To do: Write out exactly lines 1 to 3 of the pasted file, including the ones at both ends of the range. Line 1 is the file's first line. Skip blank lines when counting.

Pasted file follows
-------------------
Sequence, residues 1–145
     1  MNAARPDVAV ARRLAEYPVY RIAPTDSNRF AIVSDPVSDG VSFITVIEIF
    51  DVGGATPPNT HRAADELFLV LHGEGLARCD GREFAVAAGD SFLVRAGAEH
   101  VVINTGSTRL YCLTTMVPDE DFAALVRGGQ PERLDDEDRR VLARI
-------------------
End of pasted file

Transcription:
Sequence, residues 1–145
     1  MNAARPDVAV ARRLAEYPVY RIAPTDSNRF AIVSDPVSDG VSFITVIEIF
    51  DVGGATPPNT HRAADELFLV LHGEGLARCD GREFAVAAGD SFLVRAGAEH